What's Your Rev Rate?
There will always been debate about rev rates and how they affect the game of bowling. With new ways to deliver the ball, enhanced equipment characteristics, and lane patterns that can favor one player's rev rate over another, it’s important to understanding rev rates and their characteristics.
At times, we have gone so far as to classify someone’s game exclusively by their perceived rev rate. Titles such as cranker, stroker, and tweener often are applied without taking an accurate measurement. To better understand the concept of a bowler’s revolution rate, we need to answer some basic questions.
Take into consideration that anyone who delivers a bowling ball onto a lane imparts revolutions. What is a revolution? The dictionary definition of a revolution: “the rotation of a celestial body on its axis” so for our bowling application, a bowling ball completing one turn around an axis. What is rev rate? Rev rate is a calculation of the amount of revolutions a bowler imparts on a ball. Now, with these basics, we can determine how to calculate a bowler's revolutions in a common unit, Revolutions Per Minute (RPM).
RPM is a frequency of rotation: the number of full rotations completed in one minute around a fixed axis. This would apply if the bowling ball were on the lane for one minute and turned around the same exact axis the entire time. If that were the case, we would simply count the number of times it goes around to get RPMs.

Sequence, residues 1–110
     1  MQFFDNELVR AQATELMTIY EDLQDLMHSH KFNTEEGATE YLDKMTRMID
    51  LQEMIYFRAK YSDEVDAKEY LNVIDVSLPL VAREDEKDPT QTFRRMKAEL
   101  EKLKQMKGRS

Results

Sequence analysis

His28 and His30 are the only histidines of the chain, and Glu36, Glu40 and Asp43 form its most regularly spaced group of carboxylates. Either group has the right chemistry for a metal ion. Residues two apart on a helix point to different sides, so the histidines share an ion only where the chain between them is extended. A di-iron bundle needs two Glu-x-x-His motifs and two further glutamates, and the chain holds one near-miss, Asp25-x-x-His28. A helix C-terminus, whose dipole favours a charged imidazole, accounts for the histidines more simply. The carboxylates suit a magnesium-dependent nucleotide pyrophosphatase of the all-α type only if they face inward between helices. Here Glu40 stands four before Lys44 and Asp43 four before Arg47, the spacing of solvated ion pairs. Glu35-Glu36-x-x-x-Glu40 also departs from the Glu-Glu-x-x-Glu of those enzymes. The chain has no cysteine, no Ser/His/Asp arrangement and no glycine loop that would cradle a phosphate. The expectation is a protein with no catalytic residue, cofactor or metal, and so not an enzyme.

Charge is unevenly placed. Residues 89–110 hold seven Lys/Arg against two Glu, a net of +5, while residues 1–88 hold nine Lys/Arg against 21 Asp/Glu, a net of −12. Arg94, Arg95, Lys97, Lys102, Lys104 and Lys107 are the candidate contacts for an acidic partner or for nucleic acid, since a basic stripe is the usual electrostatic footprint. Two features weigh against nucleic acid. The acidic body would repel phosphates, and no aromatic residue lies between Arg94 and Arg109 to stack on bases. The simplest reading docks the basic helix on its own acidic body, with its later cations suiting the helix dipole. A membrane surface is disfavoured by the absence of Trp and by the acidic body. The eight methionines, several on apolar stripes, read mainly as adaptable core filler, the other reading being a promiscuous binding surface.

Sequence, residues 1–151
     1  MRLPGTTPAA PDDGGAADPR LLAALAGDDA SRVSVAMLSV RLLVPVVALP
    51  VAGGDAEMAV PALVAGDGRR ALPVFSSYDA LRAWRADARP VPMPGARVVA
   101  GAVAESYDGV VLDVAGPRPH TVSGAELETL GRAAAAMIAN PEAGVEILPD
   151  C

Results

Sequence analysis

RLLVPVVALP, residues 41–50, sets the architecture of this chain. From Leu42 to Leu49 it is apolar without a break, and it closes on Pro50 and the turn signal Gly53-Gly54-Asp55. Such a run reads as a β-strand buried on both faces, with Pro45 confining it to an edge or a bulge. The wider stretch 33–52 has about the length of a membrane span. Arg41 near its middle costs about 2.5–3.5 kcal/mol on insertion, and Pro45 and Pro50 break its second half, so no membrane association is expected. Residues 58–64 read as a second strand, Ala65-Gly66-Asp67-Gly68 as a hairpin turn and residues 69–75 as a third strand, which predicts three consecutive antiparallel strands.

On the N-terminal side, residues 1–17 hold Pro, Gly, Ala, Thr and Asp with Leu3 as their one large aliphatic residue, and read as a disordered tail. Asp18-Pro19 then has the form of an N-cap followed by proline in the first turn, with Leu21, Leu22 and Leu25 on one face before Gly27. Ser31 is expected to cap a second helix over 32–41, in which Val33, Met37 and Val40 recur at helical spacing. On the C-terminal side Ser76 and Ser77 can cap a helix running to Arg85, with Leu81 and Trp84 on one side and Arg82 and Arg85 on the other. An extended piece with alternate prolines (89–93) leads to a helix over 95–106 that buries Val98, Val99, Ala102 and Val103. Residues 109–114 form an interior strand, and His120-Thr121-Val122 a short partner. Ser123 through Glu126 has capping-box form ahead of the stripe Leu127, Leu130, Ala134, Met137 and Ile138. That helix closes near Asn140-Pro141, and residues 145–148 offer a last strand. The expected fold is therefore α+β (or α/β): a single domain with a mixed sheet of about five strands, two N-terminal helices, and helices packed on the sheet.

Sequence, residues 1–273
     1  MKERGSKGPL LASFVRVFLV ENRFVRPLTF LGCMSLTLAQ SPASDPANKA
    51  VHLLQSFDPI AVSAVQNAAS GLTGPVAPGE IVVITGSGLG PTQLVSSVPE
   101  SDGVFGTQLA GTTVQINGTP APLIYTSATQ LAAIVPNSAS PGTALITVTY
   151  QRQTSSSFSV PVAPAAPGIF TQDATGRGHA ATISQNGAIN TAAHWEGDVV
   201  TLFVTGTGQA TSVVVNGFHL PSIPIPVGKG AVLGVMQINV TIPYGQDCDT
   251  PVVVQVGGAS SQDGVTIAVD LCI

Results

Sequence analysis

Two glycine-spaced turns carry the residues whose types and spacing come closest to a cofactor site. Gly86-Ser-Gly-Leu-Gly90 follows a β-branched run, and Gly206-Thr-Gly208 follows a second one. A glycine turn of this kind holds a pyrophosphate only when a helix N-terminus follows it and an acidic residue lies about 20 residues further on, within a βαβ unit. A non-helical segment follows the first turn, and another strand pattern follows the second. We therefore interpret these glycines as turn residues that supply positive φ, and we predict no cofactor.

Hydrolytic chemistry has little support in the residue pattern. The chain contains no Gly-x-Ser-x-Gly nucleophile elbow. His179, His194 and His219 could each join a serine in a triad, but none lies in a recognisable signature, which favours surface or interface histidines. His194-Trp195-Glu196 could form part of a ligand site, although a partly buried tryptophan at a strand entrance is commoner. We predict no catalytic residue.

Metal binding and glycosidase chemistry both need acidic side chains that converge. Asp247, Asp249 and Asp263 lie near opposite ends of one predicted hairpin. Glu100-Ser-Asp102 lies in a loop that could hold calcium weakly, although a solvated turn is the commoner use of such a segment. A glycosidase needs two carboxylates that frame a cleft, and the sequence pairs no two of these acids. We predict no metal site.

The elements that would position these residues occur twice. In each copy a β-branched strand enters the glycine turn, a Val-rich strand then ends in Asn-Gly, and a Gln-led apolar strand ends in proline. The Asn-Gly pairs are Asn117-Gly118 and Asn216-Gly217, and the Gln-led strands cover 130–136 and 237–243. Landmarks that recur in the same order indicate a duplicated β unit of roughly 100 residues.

The USBC Bowling Academy explains RPMs
Even the slowest bowling balls are not on the lane for one minute. An average ball speed of 17 mph, measured at the arrows, has the ball on the lane for about 2-3 seconds. Some people suggest simply counting the number of rotations while a ball is in motion on the lane and calling that the RPMs, but that’s measuring revolutions per shot and not revolutions per minute. The truest place to capture the bowler's effect on the ball is immediately following the release, where the thumb and fingers are exiting.
So, why is knowing a bowler's rev rate important? Understanding rev rate will helps categorize options such as what type of bowling ball to buy, what type of wrist devices may be necessary, or what adjustments and techniques are applied given today’s technology.
The Process to Calculate RPMs
Using a video camera or any recording device to record and calculate a bowler’s revolution rate can be done quickly and accurately. First, identify the bowlers positive axis point (PAP), then once a ball is thrown watch to see if the axis is stable through the first couple of revolutions while the ball is in the air and in contact with the lane. Once we’ve identified the axis, place a strip of tape from the axis to just above the finger holes on the surface of the ball. This is now one of our measuring tools.
Use a video camera to capture the release and play back the video where you can control it one frame at a time.
By starting from the first frame after the fingers leave the ball, measure how many hours of clock time the tape covers in 10 frames. Multiply the number of hours covered in those 10 frames by 15 and you’ll end up with your initial rev rate.
These formulas for calculating rev rate using video can be used:
- Video cameras capturing 30 frames per second (standard NTSC video format used primarily in North America): hours per 10 frames * 15 = RPM
- Other video: (Ex. PAL format used heavily in Asia and Europe) hours per 10 frames * (videos frames per second / 30) *15 = RPM
Practice calculating your rev rate. Training your eyes to measure accurately will improve consistency with measurements. Once you’ve learned to collect your rev rate, test your range and see what your maximum and minimum numbers are. Remember, only rev rates that are repeatable and useable should be practiced and used in competition.